In the baronial hall, which foreshadowed the family fireside of later days, the drinking was free and co-pious whilst the other portions of the entertainment were of a general character and quite protracted. Mirth, song, the rude jest, anecdotes of the chase or of a battle, or a rehearsal of the experiences of every-day life, were all in place. Sometimes, the guests, overpowered by their libations, are said to have fallen under the table and to have slumbered there till surprised by the pale morning light. There was little need of ceremony in such feasts, and there is little need of formality or constraint in the far different festal occasions of the present time.

When no guest, either by chance or invitation came to the castle, less variety could be given to the after-dinner entertainment, and many expedients were required to pass the long hours that sometimes hung heavily on their hands. Then the use of " Toasts " became an important feature. The drinking also was expected to arouse interest, but if it went on in silence and gloom or amid the buzz of trivial conversation in different parts of the hall the unity of the hour was marred and the evening was voted dull—the lord himself then having no more honor than his meanest vassal. But the toast—no matter how it originated—remedied all this. A compliment and a proverb, a speech and a response, however rude, fixed the attention of every one at the table, and enabled the lord to retain the same leader-ship at the feast that he had won in the chase or in battle. He might himself propose a toast of his own choice or give another permission to propose it. He might then designate some humorous or entertaining clansman to respond; he might either stimulate or repress the zeal of the guests, and give unity to each part of the entertainment and to the whole feast. For these reasons the toast rose into popularity, and is now often used—possibly it might be said generally used if our own country alone be considered—even when no drinking at all is indulged in.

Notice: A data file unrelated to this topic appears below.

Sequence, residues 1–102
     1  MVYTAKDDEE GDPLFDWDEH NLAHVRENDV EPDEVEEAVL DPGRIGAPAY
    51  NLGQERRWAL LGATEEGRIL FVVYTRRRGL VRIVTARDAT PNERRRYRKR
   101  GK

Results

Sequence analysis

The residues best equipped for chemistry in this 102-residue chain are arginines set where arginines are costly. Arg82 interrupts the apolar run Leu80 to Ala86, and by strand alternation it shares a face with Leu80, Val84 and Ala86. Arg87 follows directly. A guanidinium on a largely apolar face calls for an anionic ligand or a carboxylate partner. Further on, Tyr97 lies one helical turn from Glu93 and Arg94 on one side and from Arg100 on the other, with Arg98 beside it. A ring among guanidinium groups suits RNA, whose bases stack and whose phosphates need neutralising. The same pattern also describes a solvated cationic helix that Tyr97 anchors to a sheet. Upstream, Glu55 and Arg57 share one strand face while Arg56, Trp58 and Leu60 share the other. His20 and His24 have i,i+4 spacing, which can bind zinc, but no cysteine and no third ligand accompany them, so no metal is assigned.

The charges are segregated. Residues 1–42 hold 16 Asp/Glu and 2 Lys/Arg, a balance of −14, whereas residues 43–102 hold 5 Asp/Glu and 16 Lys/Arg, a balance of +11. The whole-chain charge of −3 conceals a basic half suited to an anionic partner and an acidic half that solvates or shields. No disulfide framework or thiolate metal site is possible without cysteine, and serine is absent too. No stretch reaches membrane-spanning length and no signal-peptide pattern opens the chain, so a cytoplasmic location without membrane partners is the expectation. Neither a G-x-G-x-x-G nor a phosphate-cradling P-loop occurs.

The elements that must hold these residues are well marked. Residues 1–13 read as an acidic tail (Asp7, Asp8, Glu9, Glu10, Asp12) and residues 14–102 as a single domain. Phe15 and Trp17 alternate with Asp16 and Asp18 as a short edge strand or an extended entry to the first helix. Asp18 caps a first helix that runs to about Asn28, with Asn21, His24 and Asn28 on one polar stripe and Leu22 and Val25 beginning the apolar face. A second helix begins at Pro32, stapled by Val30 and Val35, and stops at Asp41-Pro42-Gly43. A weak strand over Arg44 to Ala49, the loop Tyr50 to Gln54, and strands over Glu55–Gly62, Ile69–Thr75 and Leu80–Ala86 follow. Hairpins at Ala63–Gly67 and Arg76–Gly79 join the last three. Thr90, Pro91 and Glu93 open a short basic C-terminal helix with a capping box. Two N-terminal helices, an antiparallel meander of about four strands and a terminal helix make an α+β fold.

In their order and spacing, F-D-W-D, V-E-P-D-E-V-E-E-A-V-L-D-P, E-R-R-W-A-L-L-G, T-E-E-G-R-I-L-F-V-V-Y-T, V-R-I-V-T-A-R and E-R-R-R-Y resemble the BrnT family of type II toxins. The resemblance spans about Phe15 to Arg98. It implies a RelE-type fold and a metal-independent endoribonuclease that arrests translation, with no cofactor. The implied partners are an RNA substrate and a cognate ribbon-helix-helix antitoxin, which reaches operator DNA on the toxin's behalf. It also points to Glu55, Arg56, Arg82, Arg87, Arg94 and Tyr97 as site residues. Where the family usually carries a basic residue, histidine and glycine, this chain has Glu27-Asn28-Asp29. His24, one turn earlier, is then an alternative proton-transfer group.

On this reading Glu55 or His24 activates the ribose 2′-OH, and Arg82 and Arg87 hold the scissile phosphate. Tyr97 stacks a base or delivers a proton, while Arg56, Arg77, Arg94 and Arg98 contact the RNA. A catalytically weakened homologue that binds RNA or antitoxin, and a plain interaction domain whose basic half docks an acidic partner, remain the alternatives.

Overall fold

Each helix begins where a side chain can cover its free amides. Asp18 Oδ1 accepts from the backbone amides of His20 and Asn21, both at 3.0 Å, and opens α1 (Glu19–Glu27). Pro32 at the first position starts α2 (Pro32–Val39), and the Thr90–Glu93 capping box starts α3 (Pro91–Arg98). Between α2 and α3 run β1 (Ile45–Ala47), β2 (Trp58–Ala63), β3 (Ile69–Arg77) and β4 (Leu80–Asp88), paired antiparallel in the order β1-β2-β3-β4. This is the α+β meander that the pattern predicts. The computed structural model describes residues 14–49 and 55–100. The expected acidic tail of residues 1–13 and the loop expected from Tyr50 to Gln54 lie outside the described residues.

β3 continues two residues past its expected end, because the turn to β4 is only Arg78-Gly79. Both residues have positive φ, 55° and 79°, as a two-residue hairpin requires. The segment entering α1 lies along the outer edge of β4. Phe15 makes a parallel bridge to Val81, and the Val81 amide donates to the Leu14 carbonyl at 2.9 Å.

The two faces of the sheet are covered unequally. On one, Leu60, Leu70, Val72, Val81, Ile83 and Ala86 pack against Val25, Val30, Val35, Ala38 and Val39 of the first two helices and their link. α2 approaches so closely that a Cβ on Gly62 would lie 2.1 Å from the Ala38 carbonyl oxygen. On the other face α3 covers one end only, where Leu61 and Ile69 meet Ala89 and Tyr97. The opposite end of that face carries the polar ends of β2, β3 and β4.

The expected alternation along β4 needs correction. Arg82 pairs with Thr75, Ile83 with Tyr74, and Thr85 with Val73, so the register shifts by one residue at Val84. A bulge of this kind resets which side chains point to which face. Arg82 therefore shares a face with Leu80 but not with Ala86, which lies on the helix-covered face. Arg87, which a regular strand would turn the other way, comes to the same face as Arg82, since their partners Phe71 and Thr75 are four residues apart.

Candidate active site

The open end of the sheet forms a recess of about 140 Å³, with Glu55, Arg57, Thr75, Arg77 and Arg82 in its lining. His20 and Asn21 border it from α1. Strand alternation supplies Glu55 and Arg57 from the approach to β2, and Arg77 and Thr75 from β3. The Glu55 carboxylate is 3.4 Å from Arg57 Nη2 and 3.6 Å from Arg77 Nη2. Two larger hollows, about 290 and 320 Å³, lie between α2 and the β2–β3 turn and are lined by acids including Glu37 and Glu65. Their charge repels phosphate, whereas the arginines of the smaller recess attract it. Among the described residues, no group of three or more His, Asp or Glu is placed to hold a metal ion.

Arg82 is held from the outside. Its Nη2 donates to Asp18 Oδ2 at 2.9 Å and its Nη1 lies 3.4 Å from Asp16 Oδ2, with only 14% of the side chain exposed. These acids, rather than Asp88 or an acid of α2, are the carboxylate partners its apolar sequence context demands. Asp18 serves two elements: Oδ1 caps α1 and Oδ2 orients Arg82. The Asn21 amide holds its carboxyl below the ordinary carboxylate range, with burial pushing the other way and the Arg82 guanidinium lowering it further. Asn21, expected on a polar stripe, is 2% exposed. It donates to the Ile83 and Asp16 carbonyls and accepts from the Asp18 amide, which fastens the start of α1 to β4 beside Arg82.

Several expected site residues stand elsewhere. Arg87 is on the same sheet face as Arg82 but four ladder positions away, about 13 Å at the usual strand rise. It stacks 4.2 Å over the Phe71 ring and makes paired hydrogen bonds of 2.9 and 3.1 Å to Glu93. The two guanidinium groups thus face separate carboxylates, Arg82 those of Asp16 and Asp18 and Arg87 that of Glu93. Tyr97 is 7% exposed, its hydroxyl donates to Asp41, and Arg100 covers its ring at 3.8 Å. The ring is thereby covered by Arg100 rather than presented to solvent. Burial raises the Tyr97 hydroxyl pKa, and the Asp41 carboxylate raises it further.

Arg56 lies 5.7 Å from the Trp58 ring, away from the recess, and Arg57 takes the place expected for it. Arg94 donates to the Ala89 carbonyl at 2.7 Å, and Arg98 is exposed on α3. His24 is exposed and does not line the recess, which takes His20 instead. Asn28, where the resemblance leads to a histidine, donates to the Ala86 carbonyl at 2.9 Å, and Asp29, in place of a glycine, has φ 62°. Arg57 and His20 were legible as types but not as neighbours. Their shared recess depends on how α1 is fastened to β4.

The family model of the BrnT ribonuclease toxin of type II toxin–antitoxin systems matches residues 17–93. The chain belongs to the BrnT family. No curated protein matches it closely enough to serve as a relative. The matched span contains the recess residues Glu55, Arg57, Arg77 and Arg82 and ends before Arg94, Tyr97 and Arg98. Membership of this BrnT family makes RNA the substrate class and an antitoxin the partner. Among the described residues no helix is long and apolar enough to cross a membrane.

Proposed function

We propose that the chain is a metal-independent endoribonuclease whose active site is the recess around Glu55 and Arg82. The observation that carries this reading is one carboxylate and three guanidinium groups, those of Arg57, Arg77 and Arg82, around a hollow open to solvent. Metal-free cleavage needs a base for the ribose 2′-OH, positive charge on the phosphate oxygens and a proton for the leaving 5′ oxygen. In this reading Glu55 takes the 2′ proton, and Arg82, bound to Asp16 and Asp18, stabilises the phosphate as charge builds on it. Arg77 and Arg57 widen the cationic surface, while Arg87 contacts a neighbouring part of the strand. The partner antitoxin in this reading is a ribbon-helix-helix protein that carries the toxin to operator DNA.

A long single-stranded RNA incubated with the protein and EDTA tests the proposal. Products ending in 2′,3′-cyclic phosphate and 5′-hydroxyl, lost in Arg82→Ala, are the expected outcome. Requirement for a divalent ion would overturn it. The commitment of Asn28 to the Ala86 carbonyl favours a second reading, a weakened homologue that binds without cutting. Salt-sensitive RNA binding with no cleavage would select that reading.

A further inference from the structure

Let us now take a look at an after-dinner hour of the present day; one of the very latest and most approved pattern. The contrast will not be without interest and value. The fare at the dinner is always inviting. The company is large. Good speakers are secured in advance. Each is given an appropriate toast, either to propose or respond to. Suppose it is a New England society celebrating Forefathers' Day in New York. The chairman (who is usually the president of the society) rises, and by touching a bell, rapping on the table, or in some other suitable manner, attracts all eyes to himself. He then asks the meeting to come to order, or if he prefers the form, to give attention. Then he utters a few graceful commonplaces, and calls upon a guest to offer the leading toast—not always the chief or most interesting one. Whenone is reached in which there is a lively interest, some distinguished person such as Chauncey M. Depew, the prince of after-dinner speakers, comes to the front. We give an outline of one of his addresses on Forefathers' Day, delivered December 22nd, 1882, in response to the toast, " The Half Moon and the Mayflower."

In reading this address the " We " and " You " cannot fail to be noted. Mr. Depew said he did not know why he should be called upon to celebrate his conquerors. The Yankees had overcome the Dutch, and the two races are mingled. The speaker then introduced three fine stories—one at the expense of the Dutch who are slow in reaching their ends. A tenor singer at the church of a celebrated preacher said to Mr. Depew, " You must come again, the fact is the Doctor and myself were not at our best last Sunday morning." The second related to the 'inquisitiveness of a person who expressed himself thus to the guide upon the estate of the Duke ofWestminster: " What, you can't tell how much the house cost or what the farm yields an acre, or what the old man's income is, or how much he is worth? Don't you Britishers know anything?" The third story, near the close, set off Yankee complacency. A New England girl mistook the first mile-stone from Boston for a tombstone, and reading its inscription " 1 M. from Boston," said " I'm from Boston; how simple; how sufficient."

The serious part of the discourse was a rapid statement of the principles represented by the Dutch pioneer ship " Half Moon " and the Pilgrim " Mayflower;" the elements of each contributed to national character and progress. (For speech in full see Depew's Speeches, Vol. I.)

Other toasts and responses followed; eloquence and humor mingled until the small hours of the night. Probably not one of that pleased and brilliant assemblage for a moment thought that they were doing at this anniversary what their old, barbaric ancestors did nightly, while resting after a border foray or Viking sea raid.